Also known as the Rainbow-billed or Sulfur-breasted toucan, it is popular for its resemblance to “Toucan Sam™”, the “Froot Loops®” mascot. The northernmost of the large toucans, it ranges from the Mexican state of San Louis Potosi south to Colombia and Venezuela. Much habitat has been lost to agriculture. Though first hatched in captivity at the Houston Zoo, in 1974, it has not bred consistently in collections. The DWA is involved in a captive breeding consortium for this species involving both private collections and public zoos.
Found in Brazil, Paraguay and Argentina, this species remains fairly common despite continuing habitat loss and some hunting pressure (toucans are eaten by people in some places). Though presently rare in collections, it was the first of the Ramphastos toucans bred in captivity, in Germany in 1967. It has also set the age record for any member of its family, one having lived 27 years, and another possibly 32 years. The DWA specimens arrived through the cooperation of the Brazilian Federal wildlife agency, IBAMA.
While this bird is still considered fairly common, deforestation is reducing its habitat throughout its range, from Honduras to Ecuador. A particularly noisy toucan, its puppy-like yelps are heard all day in the DWA rainforest. This is another toucan targeted for breeding by the American Zoo community and nearly 40 are distributed among 20 participating collections. The DWA has been one of the few places to so far breed it in captivity.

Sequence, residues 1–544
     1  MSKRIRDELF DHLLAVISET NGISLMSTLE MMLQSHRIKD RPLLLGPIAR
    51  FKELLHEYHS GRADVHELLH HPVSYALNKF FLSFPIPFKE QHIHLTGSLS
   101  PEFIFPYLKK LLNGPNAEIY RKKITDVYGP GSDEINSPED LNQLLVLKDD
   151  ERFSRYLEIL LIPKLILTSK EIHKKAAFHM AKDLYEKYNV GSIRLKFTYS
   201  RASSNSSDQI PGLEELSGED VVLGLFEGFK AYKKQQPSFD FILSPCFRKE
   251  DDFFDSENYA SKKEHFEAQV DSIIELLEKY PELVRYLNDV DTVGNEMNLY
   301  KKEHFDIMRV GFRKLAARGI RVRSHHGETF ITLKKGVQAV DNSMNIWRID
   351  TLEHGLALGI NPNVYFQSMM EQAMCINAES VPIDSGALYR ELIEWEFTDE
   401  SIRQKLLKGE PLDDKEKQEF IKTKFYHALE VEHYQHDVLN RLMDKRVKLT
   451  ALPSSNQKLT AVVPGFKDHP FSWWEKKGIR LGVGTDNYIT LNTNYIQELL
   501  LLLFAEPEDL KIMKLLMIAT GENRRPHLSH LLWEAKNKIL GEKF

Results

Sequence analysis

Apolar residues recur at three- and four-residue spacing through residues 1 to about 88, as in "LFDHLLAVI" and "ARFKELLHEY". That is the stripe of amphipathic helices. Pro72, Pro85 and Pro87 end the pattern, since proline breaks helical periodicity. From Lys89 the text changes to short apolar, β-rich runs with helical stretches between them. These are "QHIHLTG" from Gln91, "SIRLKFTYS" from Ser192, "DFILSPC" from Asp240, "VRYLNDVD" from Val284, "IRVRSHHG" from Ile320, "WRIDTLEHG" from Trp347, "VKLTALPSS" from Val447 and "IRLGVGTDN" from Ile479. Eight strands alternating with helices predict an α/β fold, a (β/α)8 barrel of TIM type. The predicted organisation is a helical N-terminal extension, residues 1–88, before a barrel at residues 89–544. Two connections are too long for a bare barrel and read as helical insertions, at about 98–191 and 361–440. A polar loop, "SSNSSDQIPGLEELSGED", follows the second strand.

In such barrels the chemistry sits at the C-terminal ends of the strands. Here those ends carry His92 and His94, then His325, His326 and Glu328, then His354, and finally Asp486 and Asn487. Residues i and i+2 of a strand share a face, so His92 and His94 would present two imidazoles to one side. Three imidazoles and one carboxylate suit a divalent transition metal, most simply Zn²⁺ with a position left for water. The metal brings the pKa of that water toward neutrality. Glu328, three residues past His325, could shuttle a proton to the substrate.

Dwelling on the edges of forests, along rivers, and where trees are present in savannahs, this huge toucan is the only member of its family commonly found in open country. It inhabits an enormous range, all the way from the Guianas to Northern Argentina. It is the largest and best known of the toucan species and includes grunts in its vocalizations. Over 100 have been hatched in more than a dozen US collections (including the DWA), as part of a coordinated breeding program during the last quarter century.
Always extremely rare in captivity, this subtly beautiful toucan is common in its limited range in Colombia and Venezuela. Several arrived at the DWA through the cooperation of the Venezuelan conservation organization, FUNZPA.